In 2011 GForge came under new ownership under GForge Group, Inc and while work on the GForge AS 6.x series continued the company began working on a partial rewrite dubbed GForgeNext.  GForgeNext, later rebranded back to GForge, was released on October 1, 2018 which included a revamped user interface, REST API, support for Agile/Scrum disciplines and the GForge Group, Inc expanded to support SaaS. While not open source, the source is available* and the downloadable version can be used for free for up to 5 users.

* the source code that does the license enforcement is encrypted.

Notable Installations[edit]

It is hard to determine with certainty whether these sites run on the open source or the closed source version of GForge. The guesses were made on 2010-02-15 based on the look-and-feel of these sites.

  • LuaForge - for the Lua community (free GForge 4.x).
  • RubyForge - for the Ruby community (free GForge 4.x).
  • AVOIR Forge - for the African Virtual Open Initiatives and Resources project (free GForge 4.x).
  • CakeForge - for the CakePHP community (free GForge 4.).
  • - the self-hosting website of the GForge project (proprietary GForge AS 5.x). Dead!
  • - for Joomla!-related projects (proprietary GForge AS 5.x). Not used since 2014.
  • OSP - for open source software projects (unknown version, doesn't look like GForge currently). Dead!
  • qe-forge - for free software related to Condensed Matter Physics and Quantum Chemistry.(GForge AS 5.x Community Edition). Dead?


In 2007, Bull announces the first public release of Novaforge[11] which is based on the GForge open source branch.

In February 2009 some of the developers of GForge continued development of the old open source code under the new name of FusionForge after GForge Group focused on GForge Advanced Server.[12] One objective is to merge GForge forks into a single project, hence the prefix Fusion.

In 2011, FusionForge is selected as part of the Coclico project.[13] It aims to fusion 3 existing trees of forked forges: FusionForge, Codendi & Novaforge.[14]

With this new start, FusionForge developer community is defined as ″small but engaged which has been able of forking (twice!) when they were not happy with the situation of the software they work with″.[15]

End 2013, main Savane maintainer Sylvain Beucler joins FusionForge[16] as INRIA contractor for 2 years. Main contributors to FusionForge include individual contributors such as Roland Mas,[17] small companies such as TrivialDev

In 2017, FusionForge software is the first forge software to contribute to the Software Heritage initiative, providing a connector to retrieve any information from FusionForge installation.[18]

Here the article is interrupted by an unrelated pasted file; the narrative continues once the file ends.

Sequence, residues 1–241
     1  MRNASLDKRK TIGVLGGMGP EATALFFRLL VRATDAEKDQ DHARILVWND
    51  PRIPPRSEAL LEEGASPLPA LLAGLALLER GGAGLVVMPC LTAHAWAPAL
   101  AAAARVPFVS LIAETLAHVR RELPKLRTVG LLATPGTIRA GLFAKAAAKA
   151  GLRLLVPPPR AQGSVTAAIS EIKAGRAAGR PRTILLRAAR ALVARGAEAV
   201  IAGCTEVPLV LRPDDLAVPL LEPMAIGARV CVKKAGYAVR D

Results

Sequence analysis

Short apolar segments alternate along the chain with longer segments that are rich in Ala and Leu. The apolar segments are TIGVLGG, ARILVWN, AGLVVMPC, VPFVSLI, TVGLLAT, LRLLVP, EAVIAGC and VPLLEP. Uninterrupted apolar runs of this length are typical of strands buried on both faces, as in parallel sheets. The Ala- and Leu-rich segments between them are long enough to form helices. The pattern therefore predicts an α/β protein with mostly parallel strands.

Notable public Installations[edit]

  • Alcatel-Lucent Open Innovation Community
  • Alioth – for Debian-related software and documentation.
  • Adullact – for free software related to local governments in France.
  • Mulcyber – for INRA-related projects.
  • INRIAForge – for INRIA-related projects.
  • SourceSup – for French universities and research labs
  • Ocaml-Forge – the official forge for the projects of the OCaml community
  • pgFoundry – for PostgreSQL-related projects
  • HPCForge – for HPC related software published by Swiss National Supercomputing Centre CSCS
  • Kansas State University Forge – for Computing and Information Sciences Department at K-State
  • R-Forge – for all projects related to the R language & community
  • CENATIC – official forge for the projects of the Centro Nacional de Referencia de Aplicación de las Tecnologías de la Información y la Comunicación
  • Forxa de – development platform of the agency for technological modernization of autonomous region Galicia in Spain
  • OurProject – hosting platform of non-profit organization Comunes
  • SimTK – free project-hosting platform for the biomedical computation community sponsored by NIH
  • Helix Community – sponsored by RealNetworks
  • Dresden TU Technische Universitat Dresden
  • Wald: Open Source Projects hosting – sponsored by Intevation GmbH
  • SOA4D Forge – support site for both developers and users of the SOA4D technologies

See also[edit]


  1. ^ "GForge v6.4.2 Released". March 9, 2016. Retrieved 2016-10-28.
  2. ^ "Translations files available".

External links[edit]